Here's What Salad Looks Like Across America

Here's What Salad Looks Like Across America

If the lunch-hour rush raises any important existential question, it might be: What is salad? 

The etymology of the word is simple enough: Salad comes from sal, the Latin word for salt. Originally, food historians believe, salad referred to raw vegetables in a salty dressing. But that simple definition no longer covers the broad array of foodstuffs Americans call salad. Here's a sampling of popular salads across across the country.

New York City: Kale, as well-massaged as possible. The weighty green emerged on the salad scene around 2007, according to this New York Times story. Food trend predictors say kale is over, but if best-of lists, Instagram and Yelp are any indication of taste, it's still going strong. 

Washington, D.C.: Sweetgreen's Guacamole Greens. The cultish salad chain Sweetgreen, which started in our nation's capital, hasn't lost steam in D.C., where it won "Best Salad" of 2014. Residents of the district, current and former, weighed in and elected Guac Greens as the (unofficial) salad of the people. (This is a photo of the salad at its New York outpost.)

Below the Mason-Dixon Line: Seven-layer salad. Unlike some mayo-based salads, stratification is key to nailing this down-home favorite. The seven layers are: tomatoes, cukes, onions, sweet peas, hard-boiled eggs, sharp cheddar cheese and bacon pieces, plus a thick coating of mayo on top. (The photo depicts a healthier twist on the original.) 

Tampa, Florida: 1905 Salad. Waiters at the legendary Columbia Restaurant toss this garlicky, iceberg-and-Swiss-cheese-laced salad at the table. 

Louisville, Kentucky: Bibb lettuce with bourbon vinaigrette. Don't let Boston take credit: Bibb lettuce, also called Kentucky limestone lettuce, originated in 1812 in Frankfurt, Kentucky, according to a 2001 Cincinnati Enquirer story. It's a go-to salad for Kentucky Derby parties; so is ham salad.

Arizona: State salad of Arizona, also called the original chopped salad.

Detroit: Michigan SaladPrecise recipes vary for the Great Lake State's signature salad, but common ingredients include greens (mesclun or arugula), dried cherries, blue cheese, apples, walnuts and a fruity, maple syrup-based vinaigrette.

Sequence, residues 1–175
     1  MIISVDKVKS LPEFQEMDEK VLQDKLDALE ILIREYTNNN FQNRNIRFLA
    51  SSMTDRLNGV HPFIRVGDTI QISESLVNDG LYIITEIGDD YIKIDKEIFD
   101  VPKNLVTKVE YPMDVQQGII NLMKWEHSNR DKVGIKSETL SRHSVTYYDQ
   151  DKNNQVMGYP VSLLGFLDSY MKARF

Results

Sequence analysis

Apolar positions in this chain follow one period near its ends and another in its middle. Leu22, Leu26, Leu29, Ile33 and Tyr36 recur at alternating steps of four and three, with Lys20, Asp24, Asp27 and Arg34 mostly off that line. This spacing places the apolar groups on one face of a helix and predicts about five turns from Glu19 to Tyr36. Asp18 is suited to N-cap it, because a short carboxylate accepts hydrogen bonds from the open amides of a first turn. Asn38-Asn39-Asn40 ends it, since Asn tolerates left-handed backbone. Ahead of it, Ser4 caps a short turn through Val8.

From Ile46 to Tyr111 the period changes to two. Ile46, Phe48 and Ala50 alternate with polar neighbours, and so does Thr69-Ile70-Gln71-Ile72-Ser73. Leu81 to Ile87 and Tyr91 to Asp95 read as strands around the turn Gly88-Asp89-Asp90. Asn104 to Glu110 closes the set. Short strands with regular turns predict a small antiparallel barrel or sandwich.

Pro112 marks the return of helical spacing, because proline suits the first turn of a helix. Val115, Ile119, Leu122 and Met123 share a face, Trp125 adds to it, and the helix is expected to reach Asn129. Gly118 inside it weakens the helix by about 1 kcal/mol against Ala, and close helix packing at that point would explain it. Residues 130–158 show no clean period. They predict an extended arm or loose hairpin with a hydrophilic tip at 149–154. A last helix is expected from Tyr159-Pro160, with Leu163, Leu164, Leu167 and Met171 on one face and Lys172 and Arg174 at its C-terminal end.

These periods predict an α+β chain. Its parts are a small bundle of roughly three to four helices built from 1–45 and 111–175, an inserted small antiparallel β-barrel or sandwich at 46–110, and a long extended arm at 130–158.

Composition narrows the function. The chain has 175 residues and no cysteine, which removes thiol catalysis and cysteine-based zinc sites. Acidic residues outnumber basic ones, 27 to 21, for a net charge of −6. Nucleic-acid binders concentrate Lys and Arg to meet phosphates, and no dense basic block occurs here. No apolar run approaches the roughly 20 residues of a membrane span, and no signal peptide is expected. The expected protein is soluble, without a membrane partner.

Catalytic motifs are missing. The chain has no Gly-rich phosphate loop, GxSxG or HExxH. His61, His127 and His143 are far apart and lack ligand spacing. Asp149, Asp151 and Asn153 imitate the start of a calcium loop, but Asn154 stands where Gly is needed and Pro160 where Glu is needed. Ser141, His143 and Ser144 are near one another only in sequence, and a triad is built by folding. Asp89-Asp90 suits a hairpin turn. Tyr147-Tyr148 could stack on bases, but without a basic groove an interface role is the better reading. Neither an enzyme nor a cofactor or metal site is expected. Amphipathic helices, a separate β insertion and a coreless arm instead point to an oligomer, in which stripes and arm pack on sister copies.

Chicago: Vending machine salad packed in jars. Last year, Farmer's Fridge began offering $1 salads to Chicago residents in neighborhoods with poor access to fresh food. The startup is expanding to other cities.

Idaho: Snickers taffy apple salad. (Sometimes just "taffy apple salad"). Snickers bars, candied Granny Smith apples and whipped cream. People who have peanut allergies may sub in legume-free candy bars instead. 

Nonspecific swath of the Upper Midwest: Watergate salad, aka pistachio delight or Green Goop. This politically monikered side salad (as explained by Seriouseats.com) consists of pistachio pudding, canned pineapple, Cool Whip and marshmallows. Serve chilled. 

Minnesota: Glorified Rice. As the name suggests, this is a rice-based salad, and it's apparently popular in areas where a lot of people come from Scandinavian stock. It also includes crushed pineapple and sometimes maraschino cherries.

(Not) Minnesota: Grape salad. Minnesotans have no historical connection to or affinity for grape salad, which consists of grapes, sour cream, and brown sugar. Last Thanksgiving, the New York Times ran a feature on off-kilter Thanksgiving foods popular in each state and incorrectly identified grape salad as a Minnesota favorite, as NPR reported. Minnesotans weren't pleased. Grapegate ensued.

Utah: Jell-O salad. In the 19th century, the typical presentation of a salad — a loose mix of cruciferous greens — fell out of fashion, according to foodtimeline.org. It was too unwieldy. People wanted something with a definite form and, apparently, more jiggle. Thus began a culinary tradition of encasing pieces of food in a gelatin mold. Jell-O is the official state snack in Utah, where Jell-O salad is staple Mormon dish. At the very least, Jell-O salad requires jello and shaved carrots. Innovators throw in cottage cheese, marshmallows, nuts and pretzels.

Seattle: Canlis salad. This simple but cherished salad has been a mainstay menu item at the eponymous Rainy City restaurant since 1950. Over the years, it has earned critical praise and culinary attention from coast to coast, as this Grubstreet article reported

San Francisco: Burmese tea leaf salad. SF foodies love the national food of Burma, a medley of chopped lettuce, nuts, grains, pickled tea leaves and lemon juice. 

Los Angeles: Chinese chicken salad. Cal-Asian greens originated at Madam Wu's, an old-Hollywood eatery that closed in 1998, according to LAist.com. The lunchtime legacy, however, stuck around. Here's Eater's list of the city's best Chinese chicken salads. 

Hawaii: Macaroni salad. A scoop of very soft, mayo-drenched pasta appears on every Hawaiian lunch plate, and every luau comes with lunch plates.